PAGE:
This verse if pretty much the biblical basis for being “middle class”; one who is neither rich nor poor. When we look around and see someone with much wealth, our natural assumption is that these people are rich. Ironically, people who make six to seven figures per year don’t often see themselves as wealthy. This is funny considering they have more than 90% of the population, and more than that in a global sense.

Does the Bible encourage building wealth?

The Bible doesn’t encourage us to strive for wealth. Even the New Testament says to keep our lives free from the love of money. People in the Old Testament were wealthy but mostly in the sense of owning land that was given to them after years of working it, or through inheritance. Jesus and his apostles were at or near poverty. Many mystics in the early church through the last few centuries were known for taking a vow of poverty and living a life of simplicity.

If you believe in divine providence, then poverty is a mindset. Those that tithed in the Old Testament gave a voluntary tithe in response to already being blessed by God. God’s blessings are based on who He is and not dependent on anything we do. We are already blessed. Material blessings are separate from divine blessings, though the latter can overflow into the former.

Prosperity is a mindset: Real wealth is gathered little by little

Since God doesn’t condemn anyone, no one is condemned for pursuing wealth; though God will hold one to a higher standard if they pursue wealth. They will have to use it to serve others to some capacity.

Studies show capitalism has lifted 40% of people out of poverty. That means 60% still live in poverty; with most of these people living in third world, or developing countries. Many people are poor because they live in communities. We in the United States still have Amish and Quakers who still live this way.

Middle class is an illusion for poor people trying to look rich

The Bible never says anything about the existence of a middle class, no does any religious text. There are only rich and poor, with the former usually getting rich off of exploiting the poor. Find a passive income opportunity where you don’t have to work hard; guess what, just because you aren’t working hard doesn’t mean someone isn’t, and usually for low wages.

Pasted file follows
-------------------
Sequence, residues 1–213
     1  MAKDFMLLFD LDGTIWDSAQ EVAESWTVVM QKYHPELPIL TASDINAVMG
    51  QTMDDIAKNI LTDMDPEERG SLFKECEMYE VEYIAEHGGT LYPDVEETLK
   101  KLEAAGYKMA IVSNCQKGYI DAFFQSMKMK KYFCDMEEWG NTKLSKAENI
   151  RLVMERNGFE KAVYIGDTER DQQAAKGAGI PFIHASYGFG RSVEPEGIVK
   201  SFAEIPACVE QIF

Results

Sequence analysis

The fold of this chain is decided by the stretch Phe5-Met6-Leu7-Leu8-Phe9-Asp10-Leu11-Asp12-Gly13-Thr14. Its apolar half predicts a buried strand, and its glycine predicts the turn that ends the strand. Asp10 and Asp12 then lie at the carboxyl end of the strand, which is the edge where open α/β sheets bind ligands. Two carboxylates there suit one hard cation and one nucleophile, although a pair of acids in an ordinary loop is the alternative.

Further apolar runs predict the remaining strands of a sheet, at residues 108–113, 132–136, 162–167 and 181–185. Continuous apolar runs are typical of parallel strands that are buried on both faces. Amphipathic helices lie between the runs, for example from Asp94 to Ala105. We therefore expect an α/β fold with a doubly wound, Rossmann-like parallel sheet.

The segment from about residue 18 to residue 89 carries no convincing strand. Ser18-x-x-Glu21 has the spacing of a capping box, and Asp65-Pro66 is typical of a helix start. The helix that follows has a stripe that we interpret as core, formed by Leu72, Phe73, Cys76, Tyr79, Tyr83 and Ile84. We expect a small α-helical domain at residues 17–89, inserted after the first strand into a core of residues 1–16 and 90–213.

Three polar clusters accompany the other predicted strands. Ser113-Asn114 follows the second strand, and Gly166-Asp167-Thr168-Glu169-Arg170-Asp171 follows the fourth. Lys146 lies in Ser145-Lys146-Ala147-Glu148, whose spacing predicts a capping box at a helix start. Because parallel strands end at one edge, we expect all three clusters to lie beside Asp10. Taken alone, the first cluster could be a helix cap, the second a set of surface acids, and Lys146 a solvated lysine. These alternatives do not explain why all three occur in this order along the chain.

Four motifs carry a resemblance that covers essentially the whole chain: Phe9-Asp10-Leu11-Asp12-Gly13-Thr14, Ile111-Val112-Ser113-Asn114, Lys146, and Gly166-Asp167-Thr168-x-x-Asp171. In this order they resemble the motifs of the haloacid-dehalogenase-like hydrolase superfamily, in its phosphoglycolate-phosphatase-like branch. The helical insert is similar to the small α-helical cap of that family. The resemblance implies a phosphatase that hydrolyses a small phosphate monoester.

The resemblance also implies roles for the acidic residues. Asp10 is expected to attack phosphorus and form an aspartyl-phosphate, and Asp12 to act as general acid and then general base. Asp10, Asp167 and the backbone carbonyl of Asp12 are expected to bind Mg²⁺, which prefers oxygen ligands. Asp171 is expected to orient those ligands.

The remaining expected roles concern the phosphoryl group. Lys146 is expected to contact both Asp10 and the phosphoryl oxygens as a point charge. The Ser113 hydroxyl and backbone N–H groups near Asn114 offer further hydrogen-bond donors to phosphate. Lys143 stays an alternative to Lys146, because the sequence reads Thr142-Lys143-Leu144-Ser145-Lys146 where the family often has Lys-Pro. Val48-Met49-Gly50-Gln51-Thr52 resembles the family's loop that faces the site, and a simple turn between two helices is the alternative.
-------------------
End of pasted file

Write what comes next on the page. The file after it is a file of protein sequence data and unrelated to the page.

If there were no poor people, what would the middle class be? Likewise what would this class be if there were no rich people? I have a feeling middle class is a man-made term for people who don’t want to label themselves as poor.

The Kingdom of God is the inverse of the world

In the Kingdom of God, the poor are the rich because they, in most cases,trust more in the Divine and are the least enslaved to the worldly systems. Money is created out of debt, so the more you have the more debt you probably have. It is all superficial.

Put God first, love and serve others, and focus on the opportunities around you to live as richly as possible, regardless of income. Capitalism at its base is more about maximizing the use of one’s resources.

What are we so afraid of?

You ever notice how people always talk about how they are getting old? Some people start doing this as young as 20. The healthiest people and those who live the longest lives all tell us that age is just a number and we are only as old as we feel. So why do we tell ourselves how we are getting old and falling apart?

For one reason, most people don’t understand the power of their own self-talk. The more we tell ourselves how old we feel, the more it will appear that we are falling apart. If we affirm that we are in good health and strive to take care of ourselves, we will actually start to look and feel better.

Part of the fall of man is the descent into the negative mindset. This is very hard to overcome. A growing number of people are aware that they are slaves to negative thinking but they feel powerless to change it. In order for positive affirmations to actually work, you have to actually believe what you are trying to tell yourself.

Maybe at its core, we do not fear getting old. It’s the fear of our inevitable death that haunts us, with each day bringing us closer to our fate.

When we come to the knowledge of God and understand that life is eternal and we will live forever somewhere, that fear of death instantly gets replaced with more positive energy; if we really believe it anyway. Remember the Bible also says that perfect love casts out fear. Faith is the opposite of fear. Since most sicknesses are the result of stress, anxiety and hidden fears, walking by faith is the proverbial cure all that will heal us. Sadly, don’t expect most doctors to tell you that you have the power to heal yourself of pretty much every disease.